Why black folks don't remember Reagan with fondness
He made black people's lives harder
Reagan's death has met with less than awed reverence by black America. Sure, you have the toadies of the right like Armstrong Williams praising Reagan to the skies, but for most of black America, if good riddince is too strong, a general shock and disgust with the deification of Reagan is common. Except for the soldiers, most of Reagan's public mourners have been white. The DC streets were deep with tourists for a block or two, but even in America's blackest city, the crowds were white.
That doesn't mean people don't have compassion for the Reagan family. I was touched to see Nancy Reagan walking behind her husband's casket and touching his coffin while it lay in the Capital Rotunda. Only a monster couldn't have sympathy for the Reagan family's last decade. It must be horrible to see someone you love slip away slowly.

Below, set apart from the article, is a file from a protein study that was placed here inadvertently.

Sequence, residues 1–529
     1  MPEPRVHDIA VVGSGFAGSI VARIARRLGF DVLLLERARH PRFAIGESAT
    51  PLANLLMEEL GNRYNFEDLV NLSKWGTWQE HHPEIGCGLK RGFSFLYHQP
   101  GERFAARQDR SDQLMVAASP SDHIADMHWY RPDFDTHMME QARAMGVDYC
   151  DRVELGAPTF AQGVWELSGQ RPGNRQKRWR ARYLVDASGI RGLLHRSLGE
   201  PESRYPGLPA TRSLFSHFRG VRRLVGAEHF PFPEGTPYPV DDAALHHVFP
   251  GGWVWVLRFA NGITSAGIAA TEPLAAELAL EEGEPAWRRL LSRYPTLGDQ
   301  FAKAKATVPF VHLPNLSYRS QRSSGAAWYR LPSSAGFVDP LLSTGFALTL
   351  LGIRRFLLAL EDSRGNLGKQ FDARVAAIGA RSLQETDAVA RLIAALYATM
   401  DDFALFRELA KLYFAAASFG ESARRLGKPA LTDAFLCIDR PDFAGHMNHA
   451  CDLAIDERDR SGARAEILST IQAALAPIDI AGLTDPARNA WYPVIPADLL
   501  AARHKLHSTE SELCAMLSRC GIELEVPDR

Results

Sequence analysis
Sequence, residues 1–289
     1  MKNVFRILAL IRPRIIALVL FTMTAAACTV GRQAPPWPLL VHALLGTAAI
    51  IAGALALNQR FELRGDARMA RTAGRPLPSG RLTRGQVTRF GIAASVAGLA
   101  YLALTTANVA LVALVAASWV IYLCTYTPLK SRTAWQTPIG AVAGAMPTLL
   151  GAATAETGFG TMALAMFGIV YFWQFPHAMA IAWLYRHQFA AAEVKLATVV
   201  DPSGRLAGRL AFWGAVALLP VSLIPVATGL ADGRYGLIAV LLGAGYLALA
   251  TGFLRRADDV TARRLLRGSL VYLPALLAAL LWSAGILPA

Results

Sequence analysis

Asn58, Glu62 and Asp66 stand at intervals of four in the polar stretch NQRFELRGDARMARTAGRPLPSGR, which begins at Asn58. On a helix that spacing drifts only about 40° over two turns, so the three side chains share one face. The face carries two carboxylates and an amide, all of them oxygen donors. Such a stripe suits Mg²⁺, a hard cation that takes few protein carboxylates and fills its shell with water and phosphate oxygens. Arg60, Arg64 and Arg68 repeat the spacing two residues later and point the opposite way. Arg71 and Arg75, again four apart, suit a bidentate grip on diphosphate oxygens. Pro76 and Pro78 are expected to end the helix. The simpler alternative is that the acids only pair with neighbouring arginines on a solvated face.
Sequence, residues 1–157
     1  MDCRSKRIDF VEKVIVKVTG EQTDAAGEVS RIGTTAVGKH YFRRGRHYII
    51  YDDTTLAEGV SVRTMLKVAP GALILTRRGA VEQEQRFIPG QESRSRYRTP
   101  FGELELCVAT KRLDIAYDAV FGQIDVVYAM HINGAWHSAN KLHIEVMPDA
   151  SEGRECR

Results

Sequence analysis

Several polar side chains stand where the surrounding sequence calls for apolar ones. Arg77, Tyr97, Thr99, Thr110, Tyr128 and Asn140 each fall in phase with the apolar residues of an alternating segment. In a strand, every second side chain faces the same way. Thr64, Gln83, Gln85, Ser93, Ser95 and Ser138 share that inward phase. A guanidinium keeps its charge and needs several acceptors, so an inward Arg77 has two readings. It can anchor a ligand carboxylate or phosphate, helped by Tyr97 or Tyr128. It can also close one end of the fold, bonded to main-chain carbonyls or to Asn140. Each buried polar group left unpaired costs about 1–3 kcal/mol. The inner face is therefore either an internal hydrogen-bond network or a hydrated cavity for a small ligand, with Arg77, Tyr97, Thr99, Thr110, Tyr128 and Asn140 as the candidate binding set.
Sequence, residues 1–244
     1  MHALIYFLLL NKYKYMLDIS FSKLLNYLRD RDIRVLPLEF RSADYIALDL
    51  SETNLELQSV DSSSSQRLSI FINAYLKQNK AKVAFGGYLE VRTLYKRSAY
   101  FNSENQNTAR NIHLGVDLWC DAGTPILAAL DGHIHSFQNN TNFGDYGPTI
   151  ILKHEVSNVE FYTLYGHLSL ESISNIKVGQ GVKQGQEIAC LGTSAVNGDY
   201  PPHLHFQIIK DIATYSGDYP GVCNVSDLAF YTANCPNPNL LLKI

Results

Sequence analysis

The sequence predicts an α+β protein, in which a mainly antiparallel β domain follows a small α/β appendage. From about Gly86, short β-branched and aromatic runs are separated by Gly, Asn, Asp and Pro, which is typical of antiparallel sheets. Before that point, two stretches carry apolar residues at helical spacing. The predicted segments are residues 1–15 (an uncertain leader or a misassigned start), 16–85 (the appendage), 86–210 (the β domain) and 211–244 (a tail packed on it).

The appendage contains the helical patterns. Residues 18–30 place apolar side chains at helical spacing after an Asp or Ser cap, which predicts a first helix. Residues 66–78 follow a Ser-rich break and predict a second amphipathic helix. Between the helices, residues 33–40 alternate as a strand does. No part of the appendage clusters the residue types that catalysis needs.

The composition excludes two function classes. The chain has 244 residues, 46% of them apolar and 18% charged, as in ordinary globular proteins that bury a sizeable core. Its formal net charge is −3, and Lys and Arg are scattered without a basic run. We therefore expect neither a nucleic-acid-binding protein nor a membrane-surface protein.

But symapthy for the family doesn't abrogate what Reagan stood for and what he sponsored while President.
Here's a piece on why blacks and Reagan were an uncomfortable fit
At one time, the GOP was the party of blacks, and they religiously voted for the "party of Lincoln." They were attracted to its message of freedom and self-help. While black voting for the GOP decreased after Franklin Roosevelt's New Deal, blacks still had high regard for the Republican Party, especially since the Democratic Party had long been in the grip of the "boll weevils" – Southern senators like Stennis, Eastland and Bilbo – who blocked nearly all civil rights legislation for the first half of the 20th century. Black people voted Republican by a 60-40 margin in the 1956 election that returned Eisenhower to the presidency for a second term.